ShowMe Spotlight: The Drawing Tool

If you’ve used ShowMe on your iPad, you’re probably familiar with the drawing tool that allows you to illustrate your lessons while narrating. The drawing tool is ShowMe’s centerpiece, so it’s important for your experience while using it to be as smooth as possible. While we’re sure that you’re familiar with the drawing tool basics, there are a couple of things you may not know that can improve your lessons.

It’s a Draw

The premise of the drawing tool is simple and intuitive: tap and drag your finger to draw, remove your finger to stop, and tap one of the colored blocks in the toolbar to change the ink’s color. What you may not know, however, is that the drawing tool works equally as well with your finger as it does with a stylus or a smart pen.

You can even use a writing instrument like the Apple Pencil or a writing stylus for more precision and control over what you illustrate, making your content more efficient and easier to follow. The drawing tool is incredibly accurate and responsive, so you’ll definitely benefit from using a more precise tool when jotting down notes or adjusting fine details.

Erasing Mistakes

The eraser tool is functionally identical to the drawing tool insofar as you drag your finger or a stylus-like tool across the screen to use it. To switch to the eraser, you need only tap the box-shaped eraser icon in the toolbar; from there, you can begin erasing your on-screen content by moving your finger or writing tool across it.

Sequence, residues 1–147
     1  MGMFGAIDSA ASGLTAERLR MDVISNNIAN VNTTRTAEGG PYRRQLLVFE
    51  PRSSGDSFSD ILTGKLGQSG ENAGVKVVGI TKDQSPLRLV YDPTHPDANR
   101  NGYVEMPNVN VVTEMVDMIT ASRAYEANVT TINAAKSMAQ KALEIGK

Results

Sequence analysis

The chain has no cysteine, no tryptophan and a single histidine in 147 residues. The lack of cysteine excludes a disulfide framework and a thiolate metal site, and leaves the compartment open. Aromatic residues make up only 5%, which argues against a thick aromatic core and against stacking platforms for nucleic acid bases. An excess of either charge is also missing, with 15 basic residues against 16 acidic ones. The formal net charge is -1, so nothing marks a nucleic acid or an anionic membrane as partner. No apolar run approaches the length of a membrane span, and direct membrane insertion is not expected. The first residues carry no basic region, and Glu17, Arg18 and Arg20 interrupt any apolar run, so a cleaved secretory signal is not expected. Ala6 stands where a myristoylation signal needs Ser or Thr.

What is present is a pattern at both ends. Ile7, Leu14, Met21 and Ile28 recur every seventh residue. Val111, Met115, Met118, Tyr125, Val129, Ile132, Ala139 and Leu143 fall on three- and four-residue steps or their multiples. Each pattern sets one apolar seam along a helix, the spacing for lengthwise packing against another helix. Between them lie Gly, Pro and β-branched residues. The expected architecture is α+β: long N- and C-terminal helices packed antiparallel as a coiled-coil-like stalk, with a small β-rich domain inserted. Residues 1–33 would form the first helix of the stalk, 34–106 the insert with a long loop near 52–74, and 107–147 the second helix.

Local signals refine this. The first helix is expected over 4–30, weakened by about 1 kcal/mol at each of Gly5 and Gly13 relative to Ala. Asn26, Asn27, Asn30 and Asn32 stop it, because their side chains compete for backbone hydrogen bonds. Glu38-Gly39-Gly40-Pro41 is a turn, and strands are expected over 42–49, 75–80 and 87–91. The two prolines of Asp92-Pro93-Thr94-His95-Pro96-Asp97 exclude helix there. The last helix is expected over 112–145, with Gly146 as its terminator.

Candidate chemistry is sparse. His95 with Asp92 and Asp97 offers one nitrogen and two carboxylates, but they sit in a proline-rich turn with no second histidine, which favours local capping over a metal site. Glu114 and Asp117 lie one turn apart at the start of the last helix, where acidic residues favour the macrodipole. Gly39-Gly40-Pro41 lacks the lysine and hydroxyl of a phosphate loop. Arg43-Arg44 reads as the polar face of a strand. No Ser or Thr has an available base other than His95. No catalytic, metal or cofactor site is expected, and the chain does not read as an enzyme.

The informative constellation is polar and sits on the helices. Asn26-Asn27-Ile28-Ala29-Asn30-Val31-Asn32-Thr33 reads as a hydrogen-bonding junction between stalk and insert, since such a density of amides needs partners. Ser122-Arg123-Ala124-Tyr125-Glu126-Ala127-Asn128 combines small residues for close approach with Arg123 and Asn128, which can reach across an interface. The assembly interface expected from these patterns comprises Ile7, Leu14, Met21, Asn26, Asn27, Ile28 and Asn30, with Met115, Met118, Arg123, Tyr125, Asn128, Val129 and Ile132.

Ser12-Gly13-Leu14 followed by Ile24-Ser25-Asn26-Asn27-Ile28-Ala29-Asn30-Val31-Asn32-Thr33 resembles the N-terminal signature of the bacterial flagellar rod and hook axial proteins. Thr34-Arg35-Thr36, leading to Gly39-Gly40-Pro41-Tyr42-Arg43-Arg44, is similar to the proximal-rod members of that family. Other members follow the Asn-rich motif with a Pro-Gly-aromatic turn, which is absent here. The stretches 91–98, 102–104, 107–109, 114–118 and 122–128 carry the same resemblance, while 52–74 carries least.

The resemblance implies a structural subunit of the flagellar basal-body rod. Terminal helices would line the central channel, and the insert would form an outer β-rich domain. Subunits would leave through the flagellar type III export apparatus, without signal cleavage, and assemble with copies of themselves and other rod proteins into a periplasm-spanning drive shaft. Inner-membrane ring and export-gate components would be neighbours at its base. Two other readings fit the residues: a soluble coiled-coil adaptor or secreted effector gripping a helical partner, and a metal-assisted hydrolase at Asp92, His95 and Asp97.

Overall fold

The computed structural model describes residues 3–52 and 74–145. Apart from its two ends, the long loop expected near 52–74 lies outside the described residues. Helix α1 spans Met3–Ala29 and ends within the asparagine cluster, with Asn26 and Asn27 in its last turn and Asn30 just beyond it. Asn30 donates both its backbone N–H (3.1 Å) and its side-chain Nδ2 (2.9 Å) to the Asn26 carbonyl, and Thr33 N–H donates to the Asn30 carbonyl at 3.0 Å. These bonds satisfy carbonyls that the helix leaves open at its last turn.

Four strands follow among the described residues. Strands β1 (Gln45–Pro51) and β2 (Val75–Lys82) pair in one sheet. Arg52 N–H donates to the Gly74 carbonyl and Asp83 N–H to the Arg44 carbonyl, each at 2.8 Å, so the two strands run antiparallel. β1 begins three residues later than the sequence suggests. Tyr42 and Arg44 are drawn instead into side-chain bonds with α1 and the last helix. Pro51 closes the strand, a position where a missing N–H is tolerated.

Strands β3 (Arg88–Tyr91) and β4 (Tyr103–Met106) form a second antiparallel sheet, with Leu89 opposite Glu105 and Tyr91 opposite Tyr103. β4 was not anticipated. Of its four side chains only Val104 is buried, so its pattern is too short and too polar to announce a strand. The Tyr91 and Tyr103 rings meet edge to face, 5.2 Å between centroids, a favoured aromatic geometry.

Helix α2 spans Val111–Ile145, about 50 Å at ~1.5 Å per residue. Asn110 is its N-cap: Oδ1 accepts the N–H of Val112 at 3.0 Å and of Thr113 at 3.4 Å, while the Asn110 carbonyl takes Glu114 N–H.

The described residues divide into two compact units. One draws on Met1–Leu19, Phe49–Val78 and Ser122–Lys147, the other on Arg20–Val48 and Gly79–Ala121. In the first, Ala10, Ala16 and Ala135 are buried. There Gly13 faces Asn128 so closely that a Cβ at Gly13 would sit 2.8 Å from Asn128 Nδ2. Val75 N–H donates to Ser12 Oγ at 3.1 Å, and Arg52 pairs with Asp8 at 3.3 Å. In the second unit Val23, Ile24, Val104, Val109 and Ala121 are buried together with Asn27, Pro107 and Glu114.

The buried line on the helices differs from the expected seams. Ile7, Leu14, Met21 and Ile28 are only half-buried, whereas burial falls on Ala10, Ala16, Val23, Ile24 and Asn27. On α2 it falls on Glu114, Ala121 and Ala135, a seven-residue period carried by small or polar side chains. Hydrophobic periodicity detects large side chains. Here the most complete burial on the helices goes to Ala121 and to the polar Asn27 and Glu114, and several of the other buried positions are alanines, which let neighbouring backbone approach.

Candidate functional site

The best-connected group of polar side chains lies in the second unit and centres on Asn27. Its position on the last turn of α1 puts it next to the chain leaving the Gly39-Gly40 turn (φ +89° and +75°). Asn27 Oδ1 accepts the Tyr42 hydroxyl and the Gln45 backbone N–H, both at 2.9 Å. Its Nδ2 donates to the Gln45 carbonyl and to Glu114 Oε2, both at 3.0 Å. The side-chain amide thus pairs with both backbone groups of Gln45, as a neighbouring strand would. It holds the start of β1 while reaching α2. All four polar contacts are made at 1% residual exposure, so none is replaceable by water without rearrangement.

You can also use the eraser to make use of negative space in your drawings—and, since the eraser is based on the drawing tool, it’s accurate enough that you don’t have to worry about accidentally erasing the stuff that you want to keep in your ShowMes while cleaning them up.

Planning in Reverse

Sometimes, erasing a mistake will be too time-consuming—or perhaps you only need to remove a minor adjustment that is too small for the eraser tool to remove without touching other items on the screen. Luckily, you can use the reverse feature for situations like this. The reverse feature removes the last-performed action in chronological order, allowing you to undo anywhere from one mistake to an entire presentation action-by-action.

For example, if you draw a graph’s axes but accidentally space the last few number markers too far apart, tapping the reverse arrow a few times will remove each of those number markers without affecting the rest of the graph. You can then re-draw them to your liking.

ShowMe’s drawing tool is simple, yet elegant: it allows you to create, remove, and finesse—all with a few taps of your finger. Once you become an expert in using the drawing tool, you’ll have no trouble creating efficient ShowMes, leading to easier accessibility for your students, better on-screen economy, and a firm grasp on what goes into creating a ShowMe masterpiece.

 

Andrew Ghazaryan